In the weeks before the review came out, almost every journalist in Boston that spoke with me asked some version of the question, “Why are your characters Filipino(-American)?” Nearly all of these questions were asked by friendly, intelligent people completely unaware of the inherently biased view in this line of inquiry: that unless there is an explicit dramaturgical justification for a character of color to appear onstage, they expect that all characters will be white. I was told that I wasn’t really writing Asian-American (or gay) plays, I was asked to point out why it was necessary for x character to be non-white, I was asked if ethnicity was essential to the story, I was even asked why I want to write about Filipinos/Filipino-Americans as though I should just be writing about white people. Members of the Company One and Huntington staffs would see me after these events and interviews with increasingly stunned faces (especially the white staffers) as they realized the extent of unexamined, casual — often even friendly or “complimentary” — bias that artists of color face.

Wes Gabrillo as Kenny, Nicole Javier as Edith, and Maro Guevara as Benji

Wes Gabrillo as Kenny, Nicole Javier as Edith, and Maro Guevara as Benji. Photo by Pak Han.

This is the context in which the review was received by us.

Once the overwhelming discontent for the review was expressed a piece came out in a different paper (an alternative news weekly, no less), that was literally a white critic asking a lot of other white critics how white critics should handle such “problems.” (I’m trying really hard not to make a connection to the phrase “The Negro Problem.”) Of course the conclusion of this article was that everyone was over-sensitive, nothing wrong happened, the critic’s intentions were more important than the system of oppression they “inadvertantly” supported, and that (white) critics are ultimately doing a good thing when they cause conversation (even if the cause of conversation is that they’ve done a bad thing). Notably, though, the article only included one half of the quote considered offensive, purposefully leaving out the part that affirmed the critic preferred (and found to be more believable) narratives for people of color in which they confront racism (e.g. narratives that are in relation to whiteness).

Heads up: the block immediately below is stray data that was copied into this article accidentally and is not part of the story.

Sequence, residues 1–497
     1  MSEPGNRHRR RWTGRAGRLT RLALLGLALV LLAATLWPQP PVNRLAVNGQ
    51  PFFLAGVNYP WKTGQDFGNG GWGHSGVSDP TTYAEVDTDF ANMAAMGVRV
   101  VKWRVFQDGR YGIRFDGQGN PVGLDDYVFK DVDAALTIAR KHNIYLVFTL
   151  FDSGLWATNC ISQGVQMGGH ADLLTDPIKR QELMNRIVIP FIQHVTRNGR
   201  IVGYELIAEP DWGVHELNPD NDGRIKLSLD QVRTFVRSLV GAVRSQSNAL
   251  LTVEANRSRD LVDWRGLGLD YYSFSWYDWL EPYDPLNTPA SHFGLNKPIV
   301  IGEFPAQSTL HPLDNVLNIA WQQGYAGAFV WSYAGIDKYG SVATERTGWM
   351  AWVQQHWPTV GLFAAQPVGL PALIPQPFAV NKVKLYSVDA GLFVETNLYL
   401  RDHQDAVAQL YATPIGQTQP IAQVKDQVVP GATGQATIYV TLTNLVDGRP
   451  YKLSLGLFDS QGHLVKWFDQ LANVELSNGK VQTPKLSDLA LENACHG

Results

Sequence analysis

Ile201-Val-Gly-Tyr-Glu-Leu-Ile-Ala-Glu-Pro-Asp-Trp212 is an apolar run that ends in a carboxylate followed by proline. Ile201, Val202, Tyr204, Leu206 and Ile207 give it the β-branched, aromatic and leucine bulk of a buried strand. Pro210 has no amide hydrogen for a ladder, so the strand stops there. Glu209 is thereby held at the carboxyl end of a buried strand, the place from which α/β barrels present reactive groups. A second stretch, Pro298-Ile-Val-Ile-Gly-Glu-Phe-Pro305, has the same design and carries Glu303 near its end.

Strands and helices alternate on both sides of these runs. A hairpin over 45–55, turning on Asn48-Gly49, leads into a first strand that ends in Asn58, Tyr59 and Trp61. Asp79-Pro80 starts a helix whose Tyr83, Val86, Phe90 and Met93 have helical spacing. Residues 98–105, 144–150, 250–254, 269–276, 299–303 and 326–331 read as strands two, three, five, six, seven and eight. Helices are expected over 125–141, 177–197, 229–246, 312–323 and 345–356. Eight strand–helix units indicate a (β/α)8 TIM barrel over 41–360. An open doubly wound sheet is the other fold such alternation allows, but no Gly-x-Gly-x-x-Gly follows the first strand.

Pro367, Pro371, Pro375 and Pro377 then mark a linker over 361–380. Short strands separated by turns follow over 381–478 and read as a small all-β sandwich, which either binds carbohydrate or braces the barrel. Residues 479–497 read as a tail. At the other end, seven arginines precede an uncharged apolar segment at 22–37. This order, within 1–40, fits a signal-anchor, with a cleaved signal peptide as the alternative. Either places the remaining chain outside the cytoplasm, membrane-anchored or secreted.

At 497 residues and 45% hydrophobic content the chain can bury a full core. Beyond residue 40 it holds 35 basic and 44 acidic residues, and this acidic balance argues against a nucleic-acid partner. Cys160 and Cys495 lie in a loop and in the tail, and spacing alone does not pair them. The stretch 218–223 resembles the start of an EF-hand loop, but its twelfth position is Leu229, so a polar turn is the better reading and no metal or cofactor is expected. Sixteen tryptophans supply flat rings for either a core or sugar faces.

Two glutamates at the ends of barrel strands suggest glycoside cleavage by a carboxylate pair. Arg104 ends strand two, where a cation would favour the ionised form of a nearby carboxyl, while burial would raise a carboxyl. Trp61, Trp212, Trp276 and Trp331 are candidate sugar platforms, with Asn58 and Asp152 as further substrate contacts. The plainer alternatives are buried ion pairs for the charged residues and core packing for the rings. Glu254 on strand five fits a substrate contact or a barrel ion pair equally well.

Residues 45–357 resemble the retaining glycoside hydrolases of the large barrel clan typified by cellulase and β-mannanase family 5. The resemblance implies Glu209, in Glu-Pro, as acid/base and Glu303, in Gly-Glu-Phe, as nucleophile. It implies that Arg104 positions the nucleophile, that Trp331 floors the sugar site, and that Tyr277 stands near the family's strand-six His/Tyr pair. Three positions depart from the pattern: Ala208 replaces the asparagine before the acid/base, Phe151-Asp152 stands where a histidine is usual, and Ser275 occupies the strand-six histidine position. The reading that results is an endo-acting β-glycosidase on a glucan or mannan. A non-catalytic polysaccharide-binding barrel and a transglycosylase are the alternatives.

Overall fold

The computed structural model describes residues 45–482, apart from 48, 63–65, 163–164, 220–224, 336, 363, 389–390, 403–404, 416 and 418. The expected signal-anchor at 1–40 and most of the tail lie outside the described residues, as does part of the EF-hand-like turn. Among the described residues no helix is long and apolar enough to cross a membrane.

Well, after white supremacy has circled it’s wagons and has determined that it and only it can discuss race properly and people of color cannot, what’s an artist of color to do? Who knows?

But this is what I’m going to do.

Cory Michael Smith as Benji and Jon Norman Schneider as Kenny. Photo by Michael Brosilow.

Cory Michael Smith as Benji and Jon Norman Schneider as Kenny. Photo by Michael Brosilow.

I know that there are people of color in Theatre and Theatre Studies programs all over this country. I know there are people of color in English Departments who like plays. I know there are people of color out there who just go to lots of plays as audience members. I have a request to make of all of you:


Tim Smith-Stewart as Benji, Sara L. Porkalob as Edith and Jose Abaoag as Kenny. Photos by Paul Bestock.

Tim Smith-Stewart as Benji, Sara L. Porkalob as Edith and Jose Abaoag as Kenny. Photos by Paul Bestock.

Review every play you see. Blog your reviews. Post them. Link them. And don’t just review the work of artists of color. Review the plays of older, heteronormative, white artists (they’ll actually love it, because playwrights, generally, are awesome). Offer analysis for why white artists write characters that are white. Push for dramaturgical justification of plays new and old with white characters and all-white casts (because in today’s America, one usually does need to offer such justifications). If a white playwright’s parents, grandparents, or great-grandparents are immigrants, speculate why they aren’t writing about the culture that they’re REALLY from. Hell, most Americans had immigrant ancestors, so just always do that no matter how many centuries the playwright’s family has been in this country.

Not only will it be useful, it will probably be a hell of a lot of fun. More than anything, it will keep theatre criticism in its rightfully elevated position of shaping American theatrical culture and will slow it’s decline into being a marketing tool with no ambitions greater than taste-/king-making.

Teresa Avia Lim as Edith. Photo by Michael Brosilow.

Teresa Avia Lim as Edith. Photo by Michael Brosilow.

Thank you so much for reading. Now go see Edith before it closes!